​Also read: Ontario’s mutual fund industry contributes big time to the economy

​Also read: Ontario’s mutual fund industry contributes big time to the economy

​Also read: Ontario’s mutual fund industry contributes big time to the economy $11.4 billion.

That’s the total economic footprint of Ontario’s mutual fund industry in 2013 in terms of real GDP. Forget about the debate whether mutual funds are a dying breed compared to ETFs, this is a huge economic lift to a province drowning in debt.

The Conference Board’s report, Money Management Matters: Assessing the Economic Footprint of Ontario’s Fund Industry, paints a very impressive picture of the industry. Other major highlights of the study include substantial growth in assets under management (AUM) over the past decade, direct real GDP of $4.1 billion in 2013 from mutual funds and ETFs, and the employment of 44,413 Ontarians.

Digging deeper into the Conference Board’s report, WPs uncovered some interesting nuggets.

For instance, over the past decade assets under management grew by 90% from $257 billion in 2004 to $489 billion at the end of 2013. That’s 7.4% on an annualized basis. How much of this is appreciation of AUM and how much is from new inflows the Conference Board doesn’t say. Using a balanced fund approach (60/40 stock/bond split using XIC and XBB) to approximate appreciation of the AUM, they would have grown to $467 billion by the end of 2013, which leaves just $22 billion in new net inflows over that time.

Could that be right? WP doesn’t have an answer for this question but we’ll definitely find out. In the meantime if anyone has some insight on the subject we’d love to hear from you.

Another interesting stat: Ontario’s funds industry accounts for 49% of the AUM held across Canada. With Ontario’s population representing 38% of the 35.5 million people living here, the province maintains a disproportionate amount of the country’s wealth. This likely doesn’t come as a surprise to many but it’s an indication just how important the funds industry is to Ontario.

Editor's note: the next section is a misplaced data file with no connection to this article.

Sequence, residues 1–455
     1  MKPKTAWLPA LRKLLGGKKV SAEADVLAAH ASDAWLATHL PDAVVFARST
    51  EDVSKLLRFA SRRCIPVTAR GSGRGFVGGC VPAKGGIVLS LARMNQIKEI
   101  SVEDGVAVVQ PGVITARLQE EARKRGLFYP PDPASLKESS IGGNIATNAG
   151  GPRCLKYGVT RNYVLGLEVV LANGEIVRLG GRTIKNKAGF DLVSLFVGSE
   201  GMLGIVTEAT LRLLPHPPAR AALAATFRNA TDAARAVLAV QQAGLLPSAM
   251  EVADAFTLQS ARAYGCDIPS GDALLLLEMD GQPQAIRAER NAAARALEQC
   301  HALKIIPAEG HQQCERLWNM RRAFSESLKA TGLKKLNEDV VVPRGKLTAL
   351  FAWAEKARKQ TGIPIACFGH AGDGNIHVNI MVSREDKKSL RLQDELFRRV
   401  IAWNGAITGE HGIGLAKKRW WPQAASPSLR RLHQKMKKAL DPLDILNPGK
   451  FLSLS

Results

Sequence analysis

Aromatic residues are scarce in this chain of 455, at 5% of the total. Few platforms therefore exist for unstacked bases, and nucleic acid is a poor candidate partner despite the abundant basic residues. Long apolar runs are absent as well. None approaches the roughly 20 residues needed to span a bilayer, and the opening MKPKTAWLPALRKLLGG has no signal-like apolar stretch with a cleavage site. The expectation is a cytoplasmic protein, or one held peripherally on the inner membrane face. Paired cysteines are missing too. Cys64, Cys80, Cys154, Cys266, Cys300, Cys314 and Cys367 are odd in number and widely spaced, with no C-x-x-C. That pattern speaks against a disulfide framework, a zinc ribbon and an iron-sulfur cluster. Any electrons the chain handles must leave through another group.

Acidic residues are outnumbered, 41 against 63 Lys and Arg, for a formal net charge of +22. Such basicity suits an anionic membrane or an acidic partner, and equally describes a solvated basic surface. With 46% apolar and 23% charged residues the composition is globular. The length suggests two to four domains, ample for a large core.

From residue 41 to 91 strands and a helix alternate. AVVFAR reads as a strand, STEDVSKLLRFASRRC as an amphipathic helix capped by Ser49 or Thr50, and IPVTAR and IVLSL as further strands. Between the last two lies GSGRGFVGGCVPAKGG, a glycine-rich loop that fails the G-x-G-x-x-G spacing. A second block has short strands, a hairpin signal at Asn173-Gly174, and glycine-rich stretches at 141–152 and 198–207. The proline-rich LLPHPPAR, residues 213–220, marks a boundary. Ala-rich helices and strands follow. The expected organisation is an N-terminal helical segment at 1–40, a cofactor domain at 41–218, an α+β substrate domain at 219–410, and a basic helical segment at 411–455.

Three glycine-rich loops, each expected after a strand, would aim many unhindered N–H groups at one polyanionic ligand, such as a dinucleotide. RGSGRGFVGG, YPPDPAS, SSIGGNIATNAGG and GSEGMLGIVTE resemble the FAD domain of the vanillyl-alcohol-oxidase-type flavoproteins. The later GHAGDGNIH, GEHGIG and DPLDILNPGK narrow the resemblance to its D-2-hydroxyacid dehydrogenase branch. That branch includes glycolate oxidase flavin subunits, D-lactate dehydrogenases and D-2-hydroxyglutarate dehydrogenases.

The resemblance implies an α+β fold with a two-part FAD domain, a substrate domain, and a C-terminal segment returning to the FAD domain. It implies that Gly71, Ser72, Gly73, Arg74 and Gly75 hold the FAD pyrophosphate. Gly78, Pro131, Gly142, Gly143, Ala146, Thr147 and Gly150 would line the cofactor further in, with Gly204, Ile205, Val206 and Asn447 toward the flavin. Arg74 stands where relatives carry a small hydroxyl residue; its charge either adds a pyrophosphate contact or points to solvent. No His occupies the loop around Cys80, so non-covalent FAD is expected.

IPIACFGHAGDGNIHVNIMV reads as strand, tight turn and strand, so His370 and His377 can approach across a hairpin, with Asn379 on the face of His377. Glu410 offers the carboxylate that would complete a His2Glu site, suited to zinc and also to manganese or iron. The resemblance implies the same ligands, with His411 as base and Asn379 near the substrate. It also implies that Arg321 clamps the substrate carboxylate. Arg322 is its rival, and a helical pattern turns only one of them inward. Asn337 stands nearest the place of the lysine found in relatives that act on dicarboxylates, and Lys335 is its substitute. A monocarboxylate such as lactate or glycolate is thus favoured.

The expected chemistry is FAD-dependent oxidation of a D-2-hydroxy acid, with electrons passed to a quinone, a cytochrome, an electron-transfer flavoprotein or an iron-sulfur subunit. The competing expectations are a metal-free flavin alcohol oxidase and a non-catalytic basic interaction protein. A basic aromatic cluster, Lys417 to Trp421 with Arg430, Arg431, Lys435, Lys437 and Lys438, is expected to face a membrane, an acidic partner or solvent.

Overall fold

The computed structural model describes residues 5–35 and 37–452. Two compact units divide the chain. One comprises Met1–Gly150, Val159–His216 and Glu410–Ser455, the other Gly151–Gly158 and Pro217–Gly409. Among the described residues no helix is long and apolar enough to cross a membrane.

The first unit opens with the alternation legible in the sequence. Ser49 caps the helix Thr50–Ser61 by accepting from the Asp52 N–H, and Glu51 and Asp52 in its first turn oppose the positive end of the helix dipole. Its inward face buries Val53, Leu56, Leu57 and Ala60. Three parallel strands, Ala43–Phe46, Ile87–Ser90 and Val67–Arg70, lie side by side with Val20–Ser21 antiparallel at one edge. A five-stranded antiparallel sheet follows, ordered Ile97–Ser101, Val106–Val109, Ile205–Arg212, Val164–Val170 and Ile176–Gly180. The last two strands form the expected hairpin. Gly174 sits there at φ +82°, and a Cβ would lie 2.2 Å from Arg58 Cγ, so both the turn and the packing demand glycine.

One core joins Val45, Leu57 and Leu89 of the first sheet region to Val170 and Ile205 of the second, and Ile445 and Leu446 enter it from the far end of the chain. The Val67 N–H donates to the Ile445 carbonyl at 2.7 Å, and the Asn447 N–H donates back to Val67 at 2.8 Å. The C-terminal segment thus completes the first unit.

Last, but not least, is the spillover effect the industry has when it comes to jobs. Although the direct number is 44,413, the total when you take into account those businesses that benefit indirectly in one way or another from the funds industry is an estimated 119,100, providing a significant multiplier effect.

The Conference Board’s report is an important reminder for those that live in Ontario and work in the funds industry that their contribution to the province extends well beyond helping people manage their money.

That’s great news for a Friday. Enjoy your weekend.
 
3 Comments
  • Harley Lockhart CLU CHFC 2014-11-21 2:11:20 PM
    If regulatory change by CSI mimicking changes in UK resulted in the same 25% reduction in the number of advisors, what impact would that have on the Ontario economy? 25% of 44,413 is bad enough, but 25% of 119,100 jobs lost! Let's tread carefully with regulatory change and make sure any benefit outweighs the cost!
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  • Carolyn Campbell 2014-11-21 2:19:07 PM
    Due to the change in a major number of pensions to defined contribution has contributed to the growth of the industry as well.
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  • Will Ashworth 2014-11-24 8:23:16 AM
    Harley's bang on. While it's understandable to question the current system, we don't necessarily want to throw the baby out with the bathwater.

    Cost reasonableness, however, is something the financial services industry doesn't seem to grasp in Canada so this latest push by IIAC does seem warranted.
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